Background Crocidolite is known to be the most carcinogenic form of asbestos for mesothelioma. This study aimed to assess if there was a difference between crocidolite and mixed asbestos fibre exposure for rates of lung cancer incidence and mortality after adjusting for smoking.
Methods Administrative datasets were used to identify lung cancer incidence and deaths in three Western Australian cohorts of people exposed to: crocidolite as miners and millers at Wittenoom; crocidolite as residents of Wittenoom; and mixed asbestos fibres occupationally. Multivariable Poisson regression models were used to compare the 5 year incidence and mortality rates between these cohorts after starting a health surveillance program. Explanatory variables included radiological evidence of asbestosis and cumulative asbestos exposures as determined through our Asbestos Job-Exposure Matrix (AsbJEM) after adjusting for smoking pack years, time since smoking cessation, age and sex.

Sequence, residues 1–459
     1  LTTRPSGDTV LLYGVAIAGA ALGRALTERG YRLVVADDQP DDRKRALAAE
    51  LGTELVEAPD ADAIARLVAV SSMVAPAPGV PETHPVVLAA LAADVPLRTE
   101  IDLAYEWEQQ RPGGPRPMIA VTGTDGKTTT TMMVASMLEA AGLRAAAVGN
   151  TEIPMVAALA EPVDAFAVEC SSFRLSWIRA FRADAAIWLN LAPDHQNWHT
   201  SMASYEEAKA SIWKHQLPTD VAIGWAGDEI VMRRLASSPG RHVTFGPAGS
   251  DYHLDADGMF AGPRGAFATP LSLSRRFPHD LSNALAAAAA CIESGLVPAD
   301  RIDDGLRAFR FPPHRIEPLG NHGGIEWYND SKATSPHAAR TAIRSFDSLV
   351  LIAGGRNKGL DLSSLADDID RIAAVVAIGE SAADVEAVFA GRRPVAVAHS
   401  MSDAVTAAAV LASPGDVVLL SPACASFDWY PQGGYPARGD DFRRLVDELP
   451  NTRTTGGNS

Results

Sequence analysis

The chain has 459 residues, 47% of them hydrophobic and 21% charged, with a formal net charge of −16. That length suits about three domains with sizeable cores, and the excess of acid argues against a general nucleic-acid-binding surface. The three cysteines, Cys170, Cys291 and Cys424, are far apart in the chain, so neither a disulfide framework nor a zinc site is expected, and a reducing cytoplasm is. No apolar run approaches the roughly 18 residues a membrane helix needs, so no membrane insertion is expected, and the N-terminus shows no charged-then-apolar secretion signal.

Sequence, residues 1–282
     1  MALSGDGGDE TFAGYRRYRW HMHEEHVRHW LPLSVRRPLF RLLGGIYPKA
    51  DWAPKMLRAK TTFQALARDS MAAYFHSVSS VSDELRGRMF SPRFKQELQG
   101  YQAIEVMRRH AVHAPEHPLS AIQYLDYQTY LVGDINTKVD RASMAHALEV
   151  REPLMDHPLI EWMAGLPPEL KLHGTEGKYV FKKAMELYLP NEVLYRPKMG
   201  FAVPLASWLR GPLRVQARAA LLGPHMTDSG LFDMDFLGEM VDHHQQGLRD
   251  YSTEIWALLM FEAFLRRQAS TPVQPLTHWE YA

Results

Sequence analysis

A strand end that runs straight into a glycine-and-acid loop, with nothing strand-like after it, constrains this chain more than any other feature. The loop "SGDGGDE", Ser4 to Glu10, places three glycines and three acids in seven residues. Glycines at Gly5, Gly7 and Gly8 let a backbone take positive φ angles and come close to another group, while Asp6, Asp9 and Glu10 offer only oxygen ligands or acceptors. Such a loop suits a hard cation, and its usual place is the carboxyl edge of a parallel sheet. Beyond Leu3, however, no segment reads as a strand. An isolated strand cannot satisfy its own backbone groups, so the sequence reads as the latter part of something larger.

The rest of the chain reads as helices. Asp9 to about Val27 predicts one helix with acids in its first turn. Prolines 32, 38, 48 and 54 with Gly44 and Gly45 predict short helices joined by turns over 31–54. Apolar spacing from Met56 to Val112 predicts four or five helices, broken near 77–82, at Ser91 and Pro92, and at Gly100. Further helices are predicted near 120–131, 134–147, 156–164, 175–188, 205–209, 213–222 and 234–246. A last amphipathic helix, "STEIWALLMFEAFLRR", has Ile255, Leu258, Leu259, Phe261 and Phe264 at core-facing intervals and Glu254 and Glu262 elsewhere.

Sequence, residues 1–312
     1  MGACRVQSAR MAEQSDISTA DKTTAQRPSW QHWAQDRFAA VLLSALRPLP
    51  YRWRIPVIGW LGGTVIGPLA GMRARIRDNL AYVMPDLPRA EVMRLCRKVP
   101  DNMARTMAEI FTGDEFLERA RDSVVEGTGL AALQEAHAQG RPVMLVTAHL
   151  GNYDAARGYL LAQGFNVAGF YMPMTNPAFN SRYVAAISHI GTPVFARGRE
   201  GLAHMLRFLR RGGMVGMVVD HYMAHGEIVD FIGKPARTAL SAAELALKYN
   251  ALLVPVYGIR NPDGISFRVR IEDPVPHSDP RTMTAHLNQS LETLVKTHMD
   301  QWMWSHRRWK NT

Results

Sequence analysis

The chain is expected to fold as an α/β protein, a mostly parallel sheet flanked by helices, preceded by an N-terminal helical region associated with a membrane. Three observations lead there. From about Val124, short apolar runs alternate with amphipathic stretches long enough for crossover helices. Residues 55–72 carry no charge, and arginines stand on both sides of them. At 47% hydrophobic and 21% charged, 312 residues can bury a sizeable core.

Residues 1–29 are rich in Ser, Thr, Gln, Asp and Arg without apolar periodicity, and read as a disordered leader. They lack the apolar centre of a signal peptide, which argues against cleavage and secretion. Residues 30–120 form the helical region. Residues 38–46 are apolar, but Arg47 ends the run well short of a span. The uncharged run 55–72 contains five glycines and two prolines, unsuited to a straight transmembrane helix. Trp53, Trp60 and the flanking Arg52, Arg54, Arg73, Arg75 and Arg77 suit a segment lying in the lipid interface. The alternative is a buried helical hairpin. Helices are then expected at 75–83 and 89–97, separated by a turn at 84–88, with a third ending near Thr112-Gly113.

Results The 5 year lung cancer incidence (n=176) and mortality (n=125) rates increased with radiological evidence of asbestosis (2.4-fold), increasing cumulative asbestos exposure and smoking pack-years. Compared with crocidolite miners and millers, Wittenoom ex-residents had the lowest rates (Incidence Rate Ratio (RR): 0.31, 95% CI: 0.15–0.67; and Mortality RR: 0.39 95% CI: 0.17–0.88). However, there were no significant differences identified between people occupationally exposed to mixed asbestos fibres (Incidence Rate Ratio (RR): 0.92, 95% CI: 0.61–1.39; and Mortality RR: 1.07 95% CI: 0.66–1.73) and Wittenoom workers.
Conclusion Mixed asbestos fibre exposure seems to be an equally potent cause of lung cancer as crocidolite after adjusting for smoking history.
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